The Maritime History of the Great Lakes
Chronicle & Gazette (Kingston, ON), Dec. 14, 1833

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p.1 In speaking of a somewhat exaggerated account of accidents that had happened to our Lake Craft during the recent gales, which account had appeared in several of the public papers, the Oswego Palladium remarks:-

We notice the above, because it is generally known that dreadful disasters occurred during the October gale on Lake Erie. It is well understood by our navigators, accustomed as they now are, by means of the Welland Canal, to the navigation of both lakes, that the navigation of Lake Ontario is far safer than that of Lake Erie. The south-westerly wind which blew during the tremendous gale in October, and which often causes some of our heaviest weather, rakes the whole length of Lake Erie. Before it touches Lake Ontario it must pass over a ridge of land averaging fifty miles in width, and rising more than 400 feet above the surface of the lake. Lake Ontario is besides some three or four hundred feet deeper than Lake Erie, and is almost free from the islands and promontories, which obstruct the navigation of Lake Erie. Though probably a greater amount of tonnage is employed in the navigation of Lake Ontario than of Lake Erie, yet a loss upon the former lake is of exceedingly rare occurrence, compared with the latter. We are particular upon this subject, because lake insurance is becoming a matter of very considerable moment with our men of business, and it is no more than justice that the superior safety of the Lake Ontario risk should be well understood.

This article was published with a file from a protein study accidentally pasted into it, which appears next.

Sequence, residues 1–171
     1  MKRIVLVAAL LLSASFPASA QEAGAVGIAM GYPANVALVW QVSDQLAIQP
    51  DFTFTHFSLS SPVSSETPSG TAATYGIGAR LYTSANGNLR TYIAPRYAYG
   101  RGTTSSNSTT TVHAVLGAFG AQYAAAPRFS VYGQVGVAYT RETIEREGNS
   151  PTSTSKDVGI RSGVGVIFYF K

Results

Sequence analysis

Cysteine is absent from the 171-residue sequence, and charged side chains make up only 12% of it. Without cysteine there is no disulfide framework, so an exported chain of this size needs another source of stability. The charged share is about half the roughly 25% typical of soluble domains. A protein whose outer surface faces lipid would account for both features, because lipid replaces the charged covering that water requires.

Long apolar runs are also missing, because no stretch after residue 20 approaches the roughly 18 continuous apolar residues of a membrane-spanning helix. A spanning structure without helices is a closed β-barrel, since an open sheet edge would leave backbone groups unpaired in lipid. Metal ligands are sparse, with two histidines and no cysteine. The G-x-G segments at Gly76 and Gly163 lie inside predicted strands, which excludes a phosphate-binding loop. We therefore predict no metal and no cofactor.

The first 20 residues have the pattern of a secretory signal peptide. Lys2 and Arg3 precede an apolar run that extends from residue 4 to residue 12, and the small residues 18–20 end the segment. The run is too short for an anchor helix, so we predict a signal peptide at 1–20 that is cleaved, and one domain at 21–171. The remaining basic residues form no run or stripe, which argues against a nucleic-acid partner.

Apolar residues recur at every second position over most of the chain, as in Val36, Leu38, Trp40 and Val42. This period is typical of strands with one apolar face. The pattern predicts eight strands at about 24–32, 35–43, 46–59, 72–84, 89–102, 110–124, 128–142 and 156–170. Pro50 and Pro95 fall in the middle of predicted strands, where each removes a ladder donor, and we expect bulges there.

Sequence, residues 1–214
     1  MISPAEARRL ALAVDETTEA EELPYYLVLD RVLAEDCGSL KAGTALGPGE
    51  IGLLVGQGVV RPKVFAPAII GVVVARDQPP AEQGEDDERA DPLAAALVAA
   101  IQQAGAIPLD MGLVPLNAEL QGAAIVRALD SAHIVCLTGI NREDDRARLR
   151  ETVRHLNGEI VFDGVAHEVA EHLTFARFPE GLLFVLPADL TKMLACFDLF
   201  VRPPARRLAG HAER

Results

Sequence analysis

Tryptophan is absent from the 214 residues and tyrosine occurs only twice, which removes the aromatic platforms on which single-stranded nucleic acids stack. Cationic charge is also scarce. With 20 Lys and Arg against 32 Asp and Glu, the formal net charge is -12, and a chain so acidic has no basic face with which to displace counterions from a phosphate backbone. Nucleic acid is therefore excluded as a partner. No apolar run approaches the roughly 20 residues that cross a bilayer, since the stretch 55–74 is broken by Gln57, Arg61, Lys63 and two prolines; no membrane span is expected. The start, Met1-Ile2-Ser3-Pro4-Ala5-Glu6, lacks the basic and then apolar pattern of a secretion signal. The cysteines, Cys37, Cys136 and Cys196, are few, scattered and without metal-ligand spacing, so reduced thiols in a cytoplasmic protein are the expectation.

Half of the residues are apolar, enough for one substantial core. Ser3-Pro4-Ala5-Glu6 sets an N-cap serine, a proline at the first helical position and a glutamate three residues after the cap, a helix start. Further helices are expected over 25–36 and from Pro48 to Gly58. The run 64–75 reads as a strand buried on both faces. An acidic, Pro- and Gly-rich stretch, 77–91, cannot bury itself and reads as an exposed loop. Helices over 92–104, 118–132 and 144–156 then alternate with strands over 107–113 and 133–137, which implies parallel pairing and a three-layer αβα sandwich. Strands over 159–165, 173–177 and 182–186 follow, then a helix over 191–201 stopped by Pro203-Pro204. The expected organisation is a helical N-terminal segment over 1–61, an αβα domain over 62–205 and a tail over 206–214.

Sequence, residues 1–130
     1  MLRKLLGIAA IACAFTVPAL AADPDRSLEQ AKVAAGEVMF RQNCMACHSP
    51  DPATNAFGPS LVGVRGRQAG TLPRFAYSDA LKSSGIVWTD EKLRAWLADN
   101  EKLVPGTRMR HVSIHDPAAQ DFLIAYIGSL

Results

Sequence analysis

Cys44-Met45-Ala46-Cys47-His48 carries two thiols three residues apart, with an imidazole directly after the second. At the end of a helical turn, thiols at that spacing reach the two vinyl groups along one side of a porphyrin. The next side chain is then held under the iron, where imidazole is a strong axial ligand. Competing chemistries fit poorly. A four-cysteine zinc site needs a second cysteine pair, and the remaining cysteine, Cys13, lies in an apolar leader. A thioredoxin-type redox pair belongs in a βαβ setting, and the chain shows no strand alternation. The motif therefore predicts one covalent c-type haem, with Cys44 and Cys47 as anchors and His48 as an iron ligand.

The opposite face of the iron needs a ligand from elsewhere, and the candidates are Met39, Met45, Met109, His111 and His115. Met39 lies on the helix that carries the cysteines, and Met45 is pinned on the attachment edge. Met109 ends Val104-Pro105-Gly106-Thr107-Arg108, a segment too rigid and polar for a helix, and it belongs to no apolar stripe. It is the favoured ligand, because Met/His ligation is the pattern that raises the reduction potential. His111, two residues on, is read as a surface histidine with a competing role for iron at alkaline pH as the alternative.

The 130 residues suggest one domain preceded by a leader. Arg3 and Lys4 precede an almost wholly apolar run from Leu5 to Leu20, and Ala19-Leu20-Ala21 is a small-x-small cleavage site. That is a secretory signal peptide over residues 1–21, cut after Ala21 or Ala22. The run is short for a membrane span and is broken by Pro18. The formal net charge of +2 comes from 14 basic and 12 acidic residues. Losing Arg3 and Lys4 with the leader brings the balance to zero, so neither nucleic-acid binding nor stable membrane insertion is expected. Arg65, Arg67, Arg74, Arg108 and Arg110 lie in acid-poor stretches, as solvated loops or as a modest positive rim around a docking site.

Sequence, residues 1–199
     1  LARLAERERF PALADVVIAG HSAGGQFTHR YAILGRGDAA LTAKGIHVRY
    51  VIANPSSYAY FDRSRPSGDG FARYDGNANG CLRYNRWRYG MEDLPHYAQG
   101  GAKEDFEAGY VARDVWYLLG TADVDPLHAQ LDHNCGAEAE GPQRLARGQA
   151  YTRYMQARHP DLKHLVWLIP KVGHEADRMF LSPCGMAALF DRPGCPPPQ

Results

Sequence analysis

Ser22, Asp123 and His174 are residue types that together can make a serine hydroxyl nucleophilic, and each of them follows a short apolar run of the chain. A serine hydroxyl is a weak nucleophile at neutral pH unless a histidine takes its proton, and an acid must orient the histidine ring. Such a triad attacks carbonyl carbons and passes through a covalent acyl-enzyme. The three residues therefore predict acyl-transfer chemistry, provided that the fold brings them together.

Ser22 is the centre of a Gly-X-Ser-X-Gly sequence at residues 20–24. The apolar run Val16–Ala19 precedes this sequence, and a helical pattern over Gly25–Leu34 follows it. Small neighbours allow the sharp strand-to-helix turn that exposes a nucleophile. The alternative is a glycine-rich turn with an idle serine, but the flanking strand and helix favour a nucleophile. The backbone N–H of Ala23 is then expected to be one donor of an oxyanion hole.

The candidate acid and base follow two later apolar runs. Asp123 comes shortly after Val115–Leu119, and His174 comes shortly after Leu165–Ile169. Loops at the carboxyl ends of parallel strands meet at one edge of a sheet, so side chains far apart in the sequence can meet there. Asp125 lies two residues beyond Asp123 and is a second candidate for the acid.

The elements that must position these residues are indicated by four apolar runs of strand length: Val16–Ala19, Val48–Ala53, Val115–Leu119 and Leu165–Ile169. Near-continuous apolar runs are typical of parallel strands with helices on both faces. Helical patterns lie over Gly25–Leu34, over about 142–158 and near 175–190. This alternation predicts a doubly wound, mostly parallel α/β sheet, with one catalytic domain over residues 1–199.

Important Public Meeting - at Port Hope to push for canal to join Rice Lake to Lake Ontario. [Port Hope Warder]

The Mariner's Evening Hymn - a poem.

p.2 Navigation of the St. Lawrence - meeting at Ogdensburgh to discuss building a canal around Long Sault rapids on American side. [Ogdensburgh Republican]

It will be seen by advertisement that a meeting of our inhabitants is called for Monday next, to take steps for immediately constructing another Steam Boat in Cobourg, intended to ply between this town, Oswego, and Genesee, U.S. The capital required, we are told, is already provided for; and we therefore look with confidence to see the work proceeding next week with the characteristic spirit of the place. [Cobourg Star]

p.3 The Weather - ....We have now laid up in our harbour, the steamboats St. George, Sir James Kempt, Britannia, Kingston, Perseverance, Rideau and Margaret. Another night or two of such frosts as we have experienced will close up our harbour....

Niagara Steam Boat Canal - a meeting to take place at Oswego about "this all important measure."

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Dec. 14, 1833
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Rick Neilson
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Public domain: Copyright has expired according to the applicable Canadian or American laws. No restrictions on use.
Maritime History of the Great Lakes
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Chronicle & Gazette (Kingston, ON), Dec. 14, 1833